Cassel said all the right things in his interview with Frazier, Johnson and Vikings General Manager Rick Spielman. Of course, Cassel also needed a job, having been recently released by the Chiefs after a disastrous 2012 season.
“With Matt, I think some of it is just instinct from being around people and talking to people,” Frazier said. “When I sat down with Matt, I trusted that the things I said to him were making sense and that he’d adhere to those things. Not just sign the contract and then come in here mouthing off, saying, ‘I’m better than Christian Ponder, I should be this, I should be that.’ ”
Most important, Ponder seems comfortable with Cassel. He acknowledges that his leash got shorter, but doesn’t sound worried that Cassel will try to undermine him with faulty advice or locker-room politicking.
“The first call I got when we were going to sign Matt was from Rick Spielman,” Ponder said. “The second call I got was from Matt saying he was just coming in to help me and that he understands his role. And he’s lived up to that. He’s taken extra time to sit down with me and talk to me.”
Johnson started coaching quarterbacks in 1989. He went down similar paths twice with the Tennessee Titans. The first came in 1999 when Neil O’Donnell, who had led the Steelers to the Super Bowl four years earlier, backed up an already-established Steve McNair. The second came seven years later when Kerry Collins, the fifth overall draft pick in 1995, began backing up rookie Vince Young, the third overall pick in 2006.
“You can have one of two mindsets when you come in as a veteran backup,” Johnson said. “One, you can say, ‘I’m going to do everything I can to win the job and I can care less about the starter.’ The other mindset is, ‘I’m a pro. I’m not going to disrupt the chemistry of the team, but I’m also going to be ready to go at a moment’s notice.’ Guys like Neil, Kerry and Matt, they’re pros because that’s how they wanted their backups to act when they were starters.”
Whatever Ponder experiences this season, no doubt Cassel can tell him, as Johnson says, “been there, done that.”
Success in his past
On a positive note, Cassel has won 10 games as both a backup in New England and a starter in Kansas City in 2010. He has made the Pro Bowl and led the Chiefs to their first AFC West title in seven years. In 2009, the Chiefs gave up the 34th overall draft pick for him and then signed him to a six-year, $62.7 million deal.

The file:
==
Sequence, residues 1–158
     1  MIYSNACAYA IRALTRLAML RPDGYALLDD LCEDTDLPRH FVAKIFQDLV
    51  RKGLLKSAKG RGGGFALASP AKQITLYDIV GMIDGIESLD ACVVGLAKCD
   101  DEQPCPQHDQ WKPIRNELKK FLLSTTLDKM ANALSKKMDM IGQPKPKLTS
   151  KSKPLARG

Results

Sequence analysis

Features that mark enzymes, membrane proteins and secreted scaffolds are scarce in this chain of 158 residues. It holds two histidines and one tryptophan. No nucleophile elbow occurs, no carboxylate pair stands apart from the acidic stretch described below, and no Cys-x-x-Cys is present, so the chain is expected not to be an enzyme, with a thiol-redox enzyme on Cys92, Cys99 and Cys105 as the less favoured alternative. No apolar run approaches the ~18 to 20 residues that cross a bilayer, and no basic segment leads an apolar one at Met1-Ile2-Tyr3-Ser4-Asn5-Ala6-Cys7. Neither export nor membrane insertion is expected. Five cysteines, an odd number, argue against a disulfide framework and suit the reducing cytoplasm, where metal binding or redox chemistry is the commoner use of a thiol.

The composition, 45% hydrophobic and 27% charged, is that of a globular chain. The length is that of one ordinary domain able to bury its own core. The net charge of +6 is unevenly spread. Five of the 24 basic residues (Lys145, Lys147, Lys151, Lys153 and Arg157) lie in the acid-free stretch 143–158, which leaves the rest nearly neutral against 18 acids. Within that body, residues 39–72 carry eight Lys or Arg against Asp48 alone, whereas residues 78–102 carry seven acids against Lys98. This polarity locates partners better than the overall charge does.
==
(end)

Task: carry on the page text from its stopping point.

On the flip side, injuries and ineffectiveness have cost him 15 starts over the past two years. He was booed at a celebrity softball game and cheered last season when he suffered a head injury at home against the Ravens. Afterward, right tackle Eric Winston lashed out at Chiefs fans, calling their actions “100 percent sickening.”
“I had a good time in Kansas City,” Cassel said. “But a new start was exactly what me and my family needed. The fans have been great. It’s refreshing.”
Fans cheered when Cassel came on for an extended first-half look in Friday’s preseason opener, a 27-13 loss to the Houston Texans at Mall of America Field. Ponder played only two snaps over 43 seconds, leaving after a poorly thrown pass was intercepted. Cassel played the rest of the half, completing 12 of 19 passes to eight receivers for 212 yards and one touchdown with one interception and a 96.8 passer rating.
Friday night had its highlights and lowlights. Cassel showed some veteran poise when he looked off a linebacker on a 56-yard pass to Stephen Burton and later sidestepped a blitzing linebacker and alertly found tight end John Carlson for a 10-yard gain to the Houston 2-yard line. But Cassel also was easily intercepted when he threw a weak pass across the field.
“It’s never good to have those,” he said. “But these games are learning experiences.”
At 31, Cassel is not even sure he would still be having NFL learning experiences if Pollard had missed Brady’s knee back in ’08.
“I actually played with Bernard for a few months [during the 2009 preseason],” Cassel said. “He was a great guy. We got along. Naturally, everybody laughed about how he was the guy who, unfortunately for Tom, gave me my opportunity.”